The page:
Your Place In The Universe

Your Place in the Universe:
Understanding Our Big, Messy Existence
Paul M. Sutter
Prometheus Books

Some things I learned from Your Place in the Universe by Paul M. Sutter (a cosmologist from Ohio State University):

1. The universe is not "infinitely" large, but it's so dang big it just might as well be! And it's approximately 13.8 billion years old, although it's hard to know if time worked the same way back when or will work the same way as it does now in the future.

2. We can see, taste, touch, smell, hear, and experience only about 5% of what all makes up the universe. About 30% of the remainder is called "dark matter" and it's what fills the vacuums/voids we see when we look out into the cosmos.

3. About 70% of what we can't directly experience is called "dark energy" and it's what is speeding up the galaxies as they speed away from each other. Yes, there's no speed limit in the universe because of dark energy. Light has a speed limit and it's possibly our speed limit when it comes to interstellar travel, but the universe itself is just getting faster the older it gets.

4. This means that, although we like to think of gravity as being strong enough to pull things like galaxies back into another "Big Bang," the odds of this happening are extremely low to non-existent. But this is still a theory, and who knows? There still isn't a "Grand Unifying Theory" or "GUT" that ties gravity to the electromagnetic, and the weak and strong nuclear forces. And how do we account and explain for dark energy in a GUT? (We don't--or at least we haven't yet.)

5. And for all we can observe of the "observable universe" we can only conjecture that the "universe is flat." Sutter doesn't go into the "holographic universe" idea, but he does explain why we can only say that the observable universe if "flat"--it's just too dang big to see enough of it to determine whether or not it does have a shape of any kind with our limited three (or four, counting time) dimensions.

6. My idea is that we can only experience a "flat universe" because we can't directly experience or conceptualize a more than four dimensional universe with our very limited four dimensional brains. (I have read about how a GUT will work mathematically with up to 17 dimensions, so there you go!)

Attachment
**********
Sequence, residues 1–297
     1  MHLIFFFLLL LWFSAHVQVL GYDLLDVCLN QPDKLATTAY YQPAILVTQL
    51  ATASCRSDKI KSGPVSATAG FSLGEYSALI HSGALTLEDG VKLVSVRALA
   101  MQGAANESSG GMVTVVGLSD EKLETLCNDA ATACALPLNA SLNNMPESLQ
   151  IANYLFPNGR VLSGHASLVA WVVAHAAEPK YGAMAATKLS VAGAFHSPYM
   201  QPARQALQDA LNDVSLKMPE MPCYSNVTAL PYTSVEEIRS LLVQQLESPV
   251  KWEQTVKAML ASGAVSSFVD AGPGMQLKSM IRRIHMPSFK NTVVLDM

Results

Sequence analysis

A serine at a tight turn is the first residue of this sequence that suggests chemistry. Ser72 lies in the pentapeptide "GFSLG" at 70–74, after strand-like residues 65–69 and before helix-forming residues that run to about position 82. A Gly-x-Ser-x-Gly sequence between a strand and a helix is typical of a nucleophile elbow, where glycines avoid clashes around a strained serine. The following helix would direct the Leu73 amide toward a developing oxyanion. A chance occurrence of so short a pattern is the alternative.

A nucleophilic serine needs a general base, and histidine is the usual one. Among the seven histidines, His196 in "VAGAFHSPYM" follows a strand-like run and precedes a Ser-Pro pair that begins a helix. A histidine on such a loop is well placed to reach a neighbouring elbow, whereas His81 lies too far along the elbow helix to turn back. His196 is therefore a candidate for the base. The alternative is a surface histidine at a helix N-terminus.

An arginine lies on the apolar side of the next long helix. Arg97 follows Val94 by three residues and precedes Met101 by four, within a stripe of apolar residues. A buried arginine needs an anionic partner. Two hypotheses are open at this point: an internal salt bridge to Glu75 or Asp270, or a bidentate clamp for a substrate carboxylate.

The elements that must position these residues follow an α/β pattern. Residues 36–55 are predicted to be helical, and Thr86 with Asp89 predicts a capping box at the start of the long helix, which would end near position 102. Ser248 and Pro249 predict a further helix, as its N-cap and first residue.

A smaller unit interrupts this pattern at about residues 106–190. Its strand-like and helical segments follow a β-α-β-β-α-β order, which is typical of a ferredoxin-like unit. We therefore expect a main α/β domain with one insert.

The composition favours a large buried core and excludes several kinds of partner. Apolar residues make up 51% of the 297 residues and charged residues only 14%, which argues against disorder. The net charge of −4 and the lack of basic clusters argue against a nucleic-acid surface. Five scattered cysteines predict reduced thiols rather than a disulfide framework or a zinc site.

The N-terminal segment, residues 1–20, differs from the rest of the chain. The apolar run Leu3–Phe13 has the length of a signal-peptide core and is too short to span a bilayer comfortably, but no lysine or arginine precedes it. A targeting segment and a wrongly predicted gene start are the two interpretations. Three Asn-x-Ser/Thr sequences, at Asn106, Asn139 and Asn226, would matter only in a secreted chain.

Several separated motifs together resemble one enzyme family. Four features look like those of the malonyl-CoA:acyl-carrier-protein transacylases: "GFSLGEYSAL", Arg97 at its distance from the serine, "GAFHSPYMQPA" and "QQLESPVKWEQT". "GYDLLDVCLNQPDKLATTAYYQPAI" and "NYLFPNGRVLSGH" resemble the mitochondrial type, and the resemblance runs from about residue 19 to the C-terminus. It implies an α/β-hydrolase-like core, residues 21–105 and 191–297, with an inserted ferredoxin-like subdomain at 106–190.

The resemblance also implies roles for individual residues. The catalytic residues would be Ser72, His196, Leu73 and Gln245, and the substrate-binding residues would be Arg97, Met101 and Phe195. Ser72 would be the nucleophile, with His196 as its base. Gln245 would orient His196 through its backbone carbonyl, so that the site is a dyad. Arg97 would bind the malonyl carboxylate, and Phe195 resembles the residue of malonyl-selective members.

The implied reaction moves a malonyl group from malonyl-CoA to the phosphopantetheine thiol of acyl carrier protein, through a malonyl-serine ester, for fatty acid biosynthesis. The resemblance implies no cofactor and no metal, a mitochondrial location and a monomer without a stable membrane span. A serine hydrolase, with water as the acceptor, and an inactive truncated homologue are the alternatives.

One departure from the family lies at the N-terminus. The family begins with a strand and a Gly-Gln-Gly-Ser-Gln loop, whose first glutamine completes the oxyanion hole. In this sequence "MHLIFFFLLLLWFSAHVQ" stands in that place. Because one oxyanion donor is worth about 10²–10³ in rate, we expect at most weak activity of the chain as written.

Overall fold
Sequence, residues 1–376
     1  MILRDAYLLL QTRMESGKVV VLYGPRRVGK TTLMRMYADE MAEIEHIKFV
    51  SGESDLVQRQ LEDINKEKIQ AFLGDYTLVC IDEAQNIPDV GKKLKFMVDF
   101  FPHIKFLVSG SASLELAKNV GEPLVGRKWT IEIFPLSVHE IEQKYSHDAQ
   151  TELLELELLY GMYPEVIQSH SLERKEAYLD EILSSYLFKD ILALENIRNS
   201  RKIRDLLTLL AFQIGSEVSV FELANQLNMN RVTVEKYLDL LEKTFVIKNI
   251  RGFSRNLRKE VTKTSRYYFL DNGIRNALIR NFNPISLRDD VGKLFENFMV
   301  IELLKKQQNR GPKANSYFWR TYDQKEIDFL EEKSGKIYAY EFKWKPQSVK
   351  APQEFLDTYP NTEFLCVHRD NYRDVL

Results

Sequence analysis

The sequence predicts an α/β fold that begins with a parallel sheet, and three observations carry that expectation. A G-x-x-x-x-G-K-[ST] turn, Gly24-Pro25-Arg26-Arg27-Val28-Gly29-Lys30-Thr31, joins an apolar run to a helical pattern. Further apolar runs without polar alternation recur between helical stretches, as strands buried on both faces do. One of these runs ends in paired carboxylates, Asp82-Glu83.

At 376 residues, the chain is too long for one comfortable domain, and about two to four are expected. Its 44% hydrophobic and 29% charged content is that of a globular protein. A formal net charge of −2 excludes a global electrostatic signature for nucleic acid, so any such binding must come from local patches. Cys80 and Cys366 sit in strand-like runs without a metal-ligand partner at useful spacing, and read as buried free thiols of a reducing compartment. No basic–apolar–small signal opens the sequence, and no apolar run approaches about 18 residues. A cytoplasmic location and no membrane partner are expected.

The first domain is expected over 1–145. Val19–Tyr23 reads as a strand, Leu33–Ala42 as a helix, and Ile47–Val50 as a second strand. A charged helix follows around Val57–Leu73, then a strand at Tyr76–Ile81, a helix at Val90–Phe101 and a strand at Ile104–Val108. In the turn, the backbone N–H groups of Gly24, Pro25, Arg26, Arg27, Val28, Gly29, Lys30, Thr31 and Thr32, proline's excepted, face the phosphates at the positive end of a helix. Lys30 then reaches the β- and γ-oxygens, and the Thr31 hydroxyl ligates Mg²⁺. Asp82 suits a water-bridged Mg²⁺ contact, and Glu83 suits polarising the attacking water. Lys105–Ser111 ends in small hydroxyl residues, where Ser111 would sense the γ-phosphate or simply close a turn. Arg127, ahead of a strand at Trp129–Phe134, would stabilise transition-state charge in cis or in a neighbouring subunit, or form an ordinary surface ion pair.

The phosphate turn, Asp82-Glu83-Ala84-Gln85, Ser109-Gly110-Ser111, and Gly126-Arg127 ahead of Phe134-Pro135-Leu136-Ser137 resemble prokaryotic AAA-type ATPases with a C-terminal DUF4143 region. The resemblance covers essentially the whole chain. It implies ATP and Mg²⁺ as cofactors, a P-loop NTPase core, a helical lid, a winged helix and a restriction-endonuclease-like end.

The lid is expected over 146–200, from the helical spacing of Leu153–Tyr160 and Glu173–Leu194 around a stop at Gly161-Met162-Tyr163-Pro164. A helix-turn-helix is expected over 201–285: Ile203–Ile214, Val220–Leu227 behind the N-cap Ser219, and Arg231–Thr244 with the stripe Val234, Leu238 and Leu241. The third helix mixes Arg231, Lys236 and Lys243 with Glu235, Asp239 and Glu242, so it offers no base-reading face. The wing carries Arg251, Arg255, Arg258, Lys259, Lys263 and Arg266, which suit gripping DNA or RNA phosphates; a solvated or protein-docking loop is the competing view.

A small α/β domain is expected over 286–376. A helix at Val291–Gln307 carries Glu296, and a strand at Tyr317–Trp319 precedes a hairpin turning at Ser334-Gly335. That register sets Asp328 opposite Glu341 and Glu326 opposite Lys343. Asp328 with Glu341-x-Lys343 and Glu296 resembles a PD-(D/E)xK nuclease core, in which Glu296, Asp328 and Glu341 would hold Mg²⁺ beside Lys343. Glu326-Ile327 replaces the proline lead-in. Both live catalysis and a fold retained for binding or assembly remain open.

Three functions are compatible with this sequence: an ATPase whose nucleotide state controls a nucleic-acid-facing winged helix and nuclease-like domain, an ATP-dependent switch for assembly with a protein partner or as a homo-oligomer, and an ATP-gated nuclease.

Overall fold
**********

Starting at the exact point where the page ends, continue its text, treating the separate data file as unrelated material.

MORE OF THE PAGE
7. Most of all, I learned that I wish I had taken more astronomy and physics courses in high school and college because it's such a fascinating subject, isn't it? 


Acts of Forgiveness

A special book review for the  

Acts of Forgiveness: Faith Journeys of a Gay Priest
Ted Karpf
Foreword by Ray L. Hart
Toplight Books
ASIN: B081Y8LHZN, ISBN-10: 1476679592, ISBN-13: 9781476679594

“I have learned that while we can’t always see the real outcomes of the victories of our battles for justice, inclusion, acceptance, and respect, each of us in our own way has won those liberties, not with the ease of largesse and privilege, but with an understanding that no matter the cost, what we did/do and why we did/do it was critical for the larger humanity.”

Retired Episcopalian priest Ted Karpf’s engaging memoir, Acts of Forgiveness, can be read on several levels. First, it’s the life story of a gay man overcoming an abusive childhood and coming out to a hostile society, receiving some modicum of success while working during different seasons of his life for the church, the federal government, and the World Health Organization. Second, it can be understood as the experiences of a social justice warrior who jumped into the early fight to bring health and dignity to the thousands dying of HIV/AIDS in the Dallas gay community and later to the millions infected in South Africa and surrounding countries. Third, and perhaps most of all, it is the journey of an individual seeing God at work in the world and its people while accepting the fact that to have faith doesn’t mean one will be protected from heartache, harsh criticisms, or even tougher judgments, but knowing that one will find love, peace, and joy along the way.

“How many times do we forgive?”Jesus of Nazareth’s disciples asked him. He replied, “Seventy times seven” or an infinite number of times. “Father Friendly,” as Karpf was nicknamed, would agree, but would also agree that forgiveness doesn’t always come quickly or easily. From an early age, Ted knew he was different. His parents sensed his homosexual orientation and attempted to keep him from becoming a “sissy” through verbal, emotional, and sometimes physical abuse. After he left home, he found hard-won self-acceptance with the support of his mentors during his academic years at Boston University School of Theology. He learned to follow his heart when supporting others and to love them unconditionally even when it hurt, a lesson that would be tested again and again in his relationships with his lovers, colleagues, and particularly later in life with his adult son and daughter.

When Ted’s marriage dissolved after he fell in love with a fellow activist and was outed as a gay man in the paranoid climate of the late 1980s, Ted lost his church in Dallas, St. Thomas the Apostle, a congregation that had become particularly noteworthy for its open acceptance and support of those afflicted with HIV/AIDS. He was fortunate that his soon-to-be-ex-wife Kaye wanted Ted to co-parent their young children as much as possible, but life outside of the church brought a new chapter in his service to others and new challenges both professionally and emotionally.

Ted’s work within the Dallas area HIV/AIDS community had gained him the attention of—and then a position with—the US Public Health Service as a regional liaison specialist to call attention to the magnitude and impact of the AIDS epidemic in five states. After three years at the USPHS, Ted returned to AIDS advocacy within the Episcopal Church in the Washington DC diocese. From there he was called to serve the Anglican Community in South Africa in the 1990s where the spread of HIV/AIDS had become a tragedy of almost unimaginable proportions. His service there was praiseworthy and necessary, but then it was terminated abruptly and he was falsely accused of a crime that he could have never committed.